No-One Noon

, , , , | Right | March 9, 2021

Due to budget cuts over a decade ago, the town I work for closes its town hall to the public at noon on Fridays. Fridays also happen to be one of our busiest days of the week, with a lot of residents trying to get things done before the weekend. Our closing time is rigid, but we won’t kick anyone out who is already in the building, and we will let those in who are walking up the walkway toward our building when we go to lock the door. This is one of those doors that locks from the outside, but you can leave without having to be let out.

One Friday, in particular, was very busy. It was going to be a nice weekend, so residents were lining down the hall wanting to get tag sale permits, among other things. At 12:01 pm, I locked the door, looking down both sides of the walkway to make sure I wasn’t shutting the door in someone’s face. Seeing no one, I walked back into the office to continue my closing procedures and help the residents still inside.

Around ten minutes after we technically closed, I noticed more residents in line who definitely were not there before. Perhaps they had been in a different part of the building, so I shrugged and continued working. Around twenty minutes after closing, I noticed yet more residents. I walked into the hallway to see what was going on and where they were coming from.

As it turns out, whenever someone left through the doors, the next person waiting outside grabbed the handle before it closed and let in a few more nearby. I even had a resident storm up to me, angry that she had to keep letting people in because the door was locked and we should have maintenance check on why the door kept locking. I explained to her that the door was locked because we were closed, and to please stop letting people in. She was very confused but walked away when she was done. It took us about a half-hour to finish helping everyone without new people coming in.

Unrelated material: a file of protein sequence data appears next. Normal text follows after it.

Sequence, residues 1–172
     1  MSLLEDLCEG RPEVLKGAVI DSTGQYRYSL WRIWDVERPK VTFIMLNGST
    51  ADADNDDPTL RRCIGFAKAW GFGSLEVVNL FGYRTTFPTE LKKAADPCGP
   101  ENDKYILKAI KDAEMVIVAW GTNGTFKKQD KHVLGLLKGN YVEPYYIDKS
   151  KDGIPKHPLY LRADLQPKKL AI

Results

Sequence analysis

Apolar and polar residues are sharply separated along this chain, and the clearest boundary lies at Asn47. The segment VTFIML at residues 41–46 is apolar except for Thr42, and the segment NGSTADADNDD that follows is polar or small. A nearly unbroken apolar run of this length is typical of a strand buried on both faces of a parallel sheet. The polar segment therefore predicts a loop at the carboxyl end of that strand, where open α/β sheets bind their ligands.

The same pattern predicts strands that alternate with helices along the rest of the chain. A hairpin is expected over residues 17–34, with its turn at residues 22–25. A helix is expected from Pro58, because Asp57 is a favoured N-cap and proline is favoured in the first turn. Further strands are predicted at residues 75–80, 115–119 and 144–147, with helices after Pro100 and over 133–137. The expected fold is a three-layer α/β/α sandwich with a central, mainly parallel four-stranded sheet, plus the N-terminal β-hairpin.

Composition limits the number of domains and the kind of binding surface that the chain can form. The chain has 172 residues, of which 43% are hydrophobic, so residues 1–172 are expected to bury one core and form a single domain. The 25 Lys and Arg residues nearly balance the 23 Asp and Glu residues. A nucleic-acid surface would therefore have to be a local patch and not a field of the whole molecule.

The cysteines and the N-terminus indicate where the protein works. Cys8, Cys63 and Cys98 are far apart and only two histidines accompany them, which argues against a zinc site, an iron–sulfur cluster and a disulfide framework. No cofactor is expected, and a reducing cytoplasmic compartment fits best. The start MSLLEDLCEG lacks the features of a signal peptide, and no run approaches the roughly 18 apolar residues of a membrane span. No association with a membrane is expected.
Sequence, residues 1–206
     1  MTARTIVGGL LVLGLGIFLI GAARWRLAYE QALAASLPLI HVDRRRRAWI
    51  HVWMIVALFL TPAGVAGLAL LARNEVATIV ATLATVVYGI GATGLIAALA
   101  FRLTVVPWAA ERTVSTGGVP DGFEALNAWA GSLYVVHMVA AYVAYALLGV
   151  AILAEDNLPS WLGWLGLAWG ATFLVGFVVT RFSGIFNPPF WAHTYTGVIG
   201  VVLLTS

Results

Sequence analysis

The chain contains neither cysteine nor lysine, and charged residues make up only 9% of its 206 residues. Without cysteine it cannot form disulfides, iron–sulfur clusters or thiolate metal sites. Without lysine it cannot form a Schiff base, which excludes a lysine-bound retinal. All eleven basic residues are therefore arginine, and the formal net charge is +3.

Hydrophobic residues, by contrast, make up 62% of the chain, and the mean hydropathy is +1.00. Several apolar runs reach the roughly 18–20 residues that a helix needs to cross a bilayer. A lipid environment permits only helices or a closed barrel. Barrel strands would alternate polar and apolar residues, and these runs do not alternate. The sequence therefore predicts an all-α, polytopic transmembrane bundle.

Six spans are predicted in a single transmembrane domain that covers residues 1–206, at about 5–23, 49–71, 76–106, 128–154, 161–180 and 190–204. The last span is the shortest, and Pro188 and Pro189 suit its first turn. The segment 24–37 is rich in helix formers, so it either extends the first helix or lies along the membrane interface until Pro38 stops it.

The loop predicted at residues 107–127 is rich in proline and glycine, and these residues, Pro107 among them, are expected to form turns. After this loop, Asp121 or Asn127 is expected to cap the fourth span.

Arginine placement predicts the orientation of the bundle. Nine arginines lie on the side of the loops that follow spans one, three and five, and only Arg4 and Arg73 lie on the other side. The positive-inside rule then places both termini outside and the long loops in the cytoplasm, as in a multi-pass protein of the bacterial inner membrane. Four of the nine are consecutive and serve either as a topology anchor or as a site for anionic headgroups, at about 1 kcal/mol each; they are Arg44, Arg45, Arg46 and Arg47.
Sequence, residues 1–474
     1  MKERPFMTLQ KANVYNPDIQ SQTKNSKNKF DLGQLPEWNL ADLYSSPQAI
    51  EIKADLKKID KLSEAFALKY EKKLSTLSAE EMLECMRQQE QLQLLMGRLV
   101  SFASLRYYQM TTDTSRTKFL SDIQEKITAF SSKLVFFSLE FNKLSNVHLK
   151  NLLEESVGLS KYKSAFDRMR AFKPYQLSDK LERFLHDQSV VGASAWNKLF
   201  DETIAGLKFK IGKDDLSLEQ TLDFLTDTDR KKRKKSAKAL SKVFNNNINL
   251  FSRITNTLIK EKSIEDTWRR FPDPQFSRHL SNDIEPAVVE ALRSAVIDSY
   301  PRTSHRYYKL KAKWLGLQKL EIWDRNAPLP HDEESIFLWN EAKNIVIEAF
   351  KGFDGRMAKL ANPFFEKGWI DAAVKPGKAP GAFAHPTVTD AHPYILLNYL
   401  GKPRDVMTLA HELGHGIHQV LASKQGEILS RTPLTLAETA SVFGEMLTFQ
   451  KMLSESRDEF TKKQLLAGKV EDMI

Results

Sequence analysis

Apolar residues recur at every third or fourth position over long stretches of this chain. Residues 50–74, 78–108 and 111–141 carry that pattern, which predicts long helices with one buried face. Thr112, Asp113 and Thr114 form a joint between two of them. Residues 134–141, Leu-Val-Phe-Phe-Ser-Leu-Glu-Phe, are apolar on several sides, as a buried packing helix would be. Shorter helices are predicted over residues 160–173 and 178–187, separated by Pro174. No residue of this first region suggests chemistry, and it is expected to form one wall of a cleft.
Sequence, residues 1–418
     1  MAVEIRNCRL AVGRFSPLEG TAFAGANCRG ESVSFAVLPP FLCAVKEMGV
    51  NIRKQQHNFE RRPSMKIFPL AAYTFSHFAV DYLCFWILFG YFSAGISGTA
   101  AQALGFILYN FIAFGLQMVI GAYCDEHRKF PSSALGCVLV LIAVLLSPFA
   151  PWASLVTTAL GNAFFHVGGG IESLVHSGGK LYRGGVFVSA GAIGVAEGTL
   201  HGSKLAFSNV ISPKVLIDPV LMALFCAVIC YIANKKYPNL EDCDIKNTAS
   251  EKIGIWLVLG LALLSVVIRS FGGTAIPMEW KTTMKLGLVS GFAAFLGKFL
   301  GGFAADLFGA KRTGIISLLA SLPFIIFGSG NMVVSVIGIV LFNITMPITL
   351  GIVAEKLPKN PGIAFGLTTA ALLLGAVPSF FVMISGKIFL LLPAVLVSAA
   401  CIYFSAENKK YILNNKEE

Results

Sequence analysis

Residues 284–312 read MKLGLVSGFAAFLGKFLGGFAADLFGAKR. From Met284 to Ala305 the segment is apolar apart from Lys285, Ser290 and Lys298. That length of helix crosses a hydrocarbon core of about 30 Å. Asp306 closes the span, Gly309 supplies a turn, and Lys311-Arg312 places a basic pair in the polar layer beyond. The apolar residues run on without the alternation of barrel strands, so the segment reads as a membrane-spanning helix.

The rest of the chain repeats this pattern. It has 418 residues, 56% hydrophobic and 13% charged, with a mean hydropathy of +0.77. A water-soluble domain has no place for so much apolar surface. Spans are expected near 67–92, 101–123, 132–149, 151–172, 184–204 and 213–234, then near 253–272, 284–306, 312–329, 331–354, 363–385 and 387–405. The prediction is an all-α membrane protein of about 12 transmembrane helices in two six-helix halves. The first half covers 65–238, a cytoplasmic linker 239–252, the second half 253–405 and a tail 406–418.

Our hours are clearly posted on the door, our website has our hours on it, our Facebook page has our hours listed, our voicemail lists our hours, and every letter and bill we send out have our hours on it. Our hours changed close to fifteen years ago. I’m not sure how to make it clearer.

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Not The Brightest Streetlight Bulb

, , , , | Right | CREDIT: publicchunder | December 8, 2020

I work in the call centre for my local council. I take calls about school places, roads, grass that hasn’t been cut, and things like that. Occasionally, we get people trying to put in insurance claims against the council for things like tripping over uneven paving slabs, burst tyres due to potholes, etc.

Woman: “I just reversed into one of the streetlights on a public road.”

Me: “Okay, no worries. If you can let me know where the light is, I can put a report through to our engineers. They’ll go have a look at the damage and assess if it needs repairing. Thank you for letting us know!”

I assume that will be the end of it.

Woman: “I didn’t call to report the damage to the streetlight. I called about the damage to my car.”

Me: *Confused* “What exactly are you asking of us?”

Woman: “I would like you to send me some information in the post about how I can put in a claim against you for the damage to my car! It’s your fault the streetlight was there in the first place! And I’d like to take legal action against you for your negligence!”

Throughout this whole conversation, she failed to accept that there was no possible way the council would accept liability for damage to her car because she drove into a lamppost, as there was no possible way the council was responsible for the damage purely because we “put the streetlight there in the first place” as she claimed.

I transferred her to a supervisor, as she refused to take no for an answer. It was probably one of most “What the f***?” phone calls I took in my short time working at a call centre. Every now and then I wonder how far she got with that claim in the end.

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Their Stupidity Is Your Bounty

, , , | Working | October 31, 2020

I applied for a government-sponsored work placement scheme several years ago — thankfully they don’t exist anymore because of abuses of the system — and my employers pulled some strings to get me on a different scheme so they could employ the two best candidates for free. (See abuses.)

I had submitted all relevant paperwork to the Department of Social Protection — AKA the employment office — in plenty of time, had good contact with the scheme representatives, and was officially working and getting paid for a month when I got the following phone call.

DSP Worker: “Hi, [My Name]. We’ve been told that you’re going to be taking part in a [Employment Scheme #2] position. Do you have a start date for it yet?”

Me: “Uh… A month ago? I started officially on [date].”